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I have a table with user_ids that we've gathered from a streaming datasource of active accounts. Now I'm looking to go through and fill in the information about the user_ids that don't do much of anything.

Is there a SQL (postgres if it matters) way to have a query return random numbers not present in the table?

Eg something like this:

SELECT RANDOM(count, lower_bound, upper_bound) as new_id 
WHERE new_id NOT IN (SELECT user_id FROM user_table) AS user_id_table

Possible, or would it be best to generate a bunch of random numbers with a scripted wrapper and pass those into the DB to figure out non existant ones?

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3 Answers 3

It is posible. If you want the IDs to be integers, try:

SELECT trunc((random() * (upper_bound - lower_bound)) + lower_bound) AS new_id 
FROM generate_series(1,upper_bound) 
WHERE new_id NOT IN (
    SELECT user_id 
    FROM user_table)
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Hmm, it looks like it should work but postgres complains that new_id does not exist. It does the same with replacing the nested select with just a list of numbers. Maybe a DB engine limitation? – Peck Jul 11 '10 at 17:40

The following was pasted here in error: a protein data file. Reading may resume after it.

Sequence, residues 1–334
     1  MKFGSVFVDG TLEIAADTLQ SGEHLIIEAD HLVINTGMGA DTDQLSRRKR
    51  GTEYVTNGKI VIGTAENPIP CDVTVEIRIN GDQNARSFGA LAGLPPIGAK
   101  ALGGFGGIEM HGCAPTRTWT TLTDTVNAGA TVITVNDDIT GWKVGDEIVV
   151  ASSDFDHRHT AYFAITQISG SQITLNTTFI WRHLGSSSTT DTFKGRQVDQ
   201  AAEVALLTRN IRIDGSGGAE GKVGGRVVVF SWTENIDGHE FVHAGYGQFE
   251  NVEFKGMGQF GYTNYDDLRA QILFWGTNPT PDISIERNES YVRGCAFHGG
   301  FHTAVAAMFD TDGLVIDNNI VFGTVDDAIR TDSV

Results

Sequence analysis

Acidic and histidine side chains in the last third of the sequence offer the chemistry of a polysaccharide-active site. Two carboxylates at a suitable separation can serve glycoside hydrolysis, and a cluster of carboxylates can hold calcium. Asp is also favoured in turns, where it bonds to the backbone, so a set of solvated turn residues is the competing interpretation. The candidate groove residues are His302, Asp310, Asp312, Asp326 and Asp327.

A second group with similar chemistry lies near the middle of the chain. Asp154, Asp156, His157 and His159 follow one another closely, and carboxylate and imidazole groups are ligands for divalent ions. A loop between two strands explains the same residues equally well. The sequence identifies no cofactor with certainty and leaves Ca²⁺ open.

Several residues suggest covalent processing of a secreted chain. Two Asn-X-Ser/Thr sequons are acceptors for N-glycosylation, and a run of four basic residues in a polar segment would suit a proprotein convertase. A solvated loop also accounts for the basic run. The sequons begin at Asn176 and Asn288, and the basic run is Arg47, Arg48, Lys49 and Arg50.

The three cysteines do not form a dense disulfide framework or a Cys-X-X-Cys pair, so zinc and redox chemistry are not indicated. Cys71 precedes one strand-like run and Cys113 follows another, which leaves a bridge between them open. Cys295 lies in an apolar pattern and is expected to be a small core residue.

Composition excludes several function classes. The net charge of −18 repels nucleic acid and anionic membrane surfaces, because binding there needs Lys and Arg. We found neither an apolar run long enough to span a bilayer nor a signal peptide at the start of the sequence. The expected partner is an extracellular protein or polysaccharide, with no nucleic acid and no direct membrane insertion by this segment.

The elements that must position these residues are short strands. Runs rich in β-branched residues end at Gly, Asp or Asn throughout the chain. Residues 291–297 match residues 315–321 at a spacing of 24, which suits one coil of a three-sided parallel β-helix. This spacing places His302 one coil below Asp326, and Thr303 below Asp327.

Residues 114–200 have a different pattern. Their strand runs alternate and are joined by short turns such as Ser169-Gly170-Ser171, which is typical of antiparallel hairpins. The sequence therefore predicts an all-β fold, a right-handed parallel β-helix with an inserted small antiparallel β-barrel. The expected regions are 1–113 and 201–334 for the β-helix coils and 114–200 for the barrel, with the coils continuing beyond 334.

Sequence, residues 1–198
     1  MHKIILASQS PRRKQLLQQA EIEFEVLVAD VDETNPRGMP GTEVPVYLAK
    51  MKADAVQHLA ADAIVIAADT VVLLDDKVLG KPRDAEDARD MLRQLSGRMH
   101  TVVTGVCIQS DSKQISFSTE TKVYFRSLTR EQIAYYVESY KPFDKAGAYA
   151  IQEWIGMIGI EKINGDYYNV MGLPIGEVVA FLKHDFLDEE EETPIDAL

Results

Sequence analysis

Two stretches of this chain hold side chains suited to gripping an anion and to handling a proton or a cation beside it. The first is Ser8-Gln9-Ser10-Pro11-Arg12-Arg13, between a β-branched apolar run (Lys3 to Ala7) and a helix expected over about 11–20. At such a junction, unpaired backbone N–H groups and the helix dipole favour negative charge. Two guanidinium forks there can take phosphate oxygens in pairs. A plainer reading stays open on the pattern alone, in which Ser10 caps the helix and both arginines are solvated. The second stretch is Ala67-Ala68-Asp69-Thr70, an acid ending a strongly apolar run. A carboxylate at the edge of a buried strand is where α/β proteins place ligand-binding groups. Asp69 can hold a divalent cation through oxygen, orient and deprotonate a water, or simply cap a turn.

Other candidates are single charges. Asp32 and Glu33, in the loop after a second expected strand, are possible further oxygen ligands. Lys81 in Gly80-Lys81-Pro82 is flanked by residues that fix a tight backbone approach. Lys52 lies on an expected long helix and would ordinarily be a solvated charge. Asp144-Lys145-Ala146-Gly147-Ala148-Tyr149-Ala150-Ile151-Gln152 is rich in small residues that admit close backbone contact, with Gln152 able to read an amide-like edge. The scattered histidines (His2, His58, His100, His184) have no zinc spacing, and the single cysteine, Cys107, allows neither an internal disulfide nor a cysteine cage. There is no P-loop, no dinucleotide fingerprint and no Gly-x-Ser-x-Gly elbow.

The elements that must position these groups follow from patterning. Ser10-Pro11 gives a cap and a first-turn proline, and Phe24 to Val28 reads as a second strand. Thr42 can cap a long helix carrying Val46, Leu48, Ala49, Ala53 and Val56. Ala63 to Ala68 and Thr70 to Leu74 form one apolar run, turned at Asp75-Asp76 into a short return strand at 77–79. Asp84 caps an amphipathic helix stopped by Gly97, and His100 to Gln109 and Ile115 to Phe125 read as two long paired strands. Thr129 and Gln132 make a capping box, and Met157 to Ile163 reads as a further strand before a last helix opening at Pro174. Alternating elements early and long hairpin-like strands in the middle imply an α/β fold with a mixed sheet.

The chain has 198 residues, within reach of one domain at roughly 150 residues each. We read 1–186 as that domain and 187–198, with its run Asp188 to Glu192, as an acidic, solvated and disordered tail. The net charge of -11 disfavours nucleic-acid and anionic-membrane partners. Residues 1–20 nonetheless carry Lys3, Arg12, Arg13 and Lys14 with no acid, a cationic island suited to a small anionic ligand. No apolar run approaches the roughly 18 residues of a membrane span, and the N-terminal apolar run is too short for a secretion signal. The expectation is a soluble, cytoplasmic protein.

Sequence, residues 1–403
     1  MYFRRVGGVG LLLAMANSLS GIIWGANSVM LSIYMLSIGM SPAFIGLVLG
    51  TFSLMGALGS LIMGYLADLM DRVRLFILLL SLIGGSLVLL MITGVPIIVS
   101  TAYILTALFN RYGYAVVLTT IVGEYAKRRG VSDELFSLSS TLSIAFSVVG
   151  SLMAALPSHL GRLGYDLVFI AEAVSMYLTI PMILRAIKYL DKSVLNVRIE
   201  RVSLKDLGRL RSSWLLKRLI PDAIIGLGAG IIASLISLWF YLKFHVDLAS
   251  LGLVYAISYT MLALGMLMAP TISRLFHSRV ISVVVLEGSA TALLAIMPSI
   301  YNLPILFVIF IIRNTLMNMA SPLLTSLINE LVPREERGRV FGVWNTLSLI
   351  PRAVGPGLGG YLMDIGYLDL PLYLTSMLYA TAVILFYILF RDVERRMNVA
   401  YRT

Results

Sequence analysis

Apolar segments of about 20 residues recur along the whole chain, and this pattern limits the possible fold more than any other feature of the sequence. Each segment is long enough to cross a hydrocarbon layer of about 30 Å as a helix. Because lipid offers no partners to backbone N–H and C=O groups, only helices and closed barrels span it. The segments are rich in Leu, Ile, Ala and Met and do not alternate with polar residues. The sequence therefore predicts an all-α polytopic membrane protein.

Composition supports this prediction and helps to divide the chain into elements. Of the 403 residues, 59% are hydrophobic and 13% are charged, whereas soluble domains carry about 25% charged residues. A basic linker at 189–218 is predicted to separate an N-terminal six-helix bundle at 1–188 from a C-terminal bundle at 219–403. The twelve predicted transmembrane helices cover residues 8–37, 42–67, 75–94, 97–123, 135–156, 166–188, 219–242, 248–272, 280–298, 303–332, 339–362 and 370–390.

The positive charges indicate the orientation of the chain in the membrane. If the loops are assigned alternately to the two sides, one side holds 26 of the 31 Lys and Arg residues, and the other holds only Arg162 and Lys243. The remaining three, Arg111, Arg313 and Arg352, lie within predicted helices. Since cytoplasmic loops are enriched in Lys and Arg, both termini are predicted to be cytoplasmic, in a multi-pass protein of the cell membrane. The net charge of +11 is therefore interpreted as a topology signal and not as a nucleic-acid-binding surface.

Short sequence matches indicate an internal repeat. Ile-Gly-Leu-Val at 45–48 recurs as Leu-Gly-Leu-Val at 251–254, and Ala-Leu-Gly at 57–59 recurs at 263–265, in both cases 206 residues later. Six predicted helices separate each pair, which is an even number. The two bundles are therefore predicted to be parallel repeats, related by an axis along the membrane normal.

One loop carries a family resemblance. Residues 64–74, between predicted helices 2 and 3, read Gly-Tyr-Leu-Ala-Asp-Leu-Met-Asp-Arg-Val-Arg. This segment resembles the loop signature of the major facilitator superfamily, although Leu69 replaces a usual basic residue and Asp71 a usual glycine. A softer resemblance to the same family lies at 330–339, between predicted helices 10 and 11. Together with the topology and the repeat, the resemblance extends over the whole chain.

Hmmm.... Yes, apparently you cannot use column aliases in a WHERE or HAVING clause in postgresql. You could consider using pl/pgsql to set a variable to a random number, test it against the table, and repeat until you get a good one. – Matthew Flynn Jul 12 '10 at 4:59

You can wrap the query above in a subselect, i.e.

SELECT * FROM (SELECT trunc(random() * (upper - lower) + lower) AS new_id  
FROM generate_series(1, count)) AS x 
WHERE x.new_id NOT IN (SELECT user_id FROM user_table)
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I suspect you want a random sampling. I would do something like:

  FROM generate_series(1, (select max(user_id) from users) s
  LEFT JOIN users ON s.s = user_id
 WHERE user_id IS NULL
 order by random() limit 5;

I haven't tested this but the idea should work. If you have a lot of users and not a lot of missing id's it will perform better than the other options, but performance no matter what you do may be a problem.

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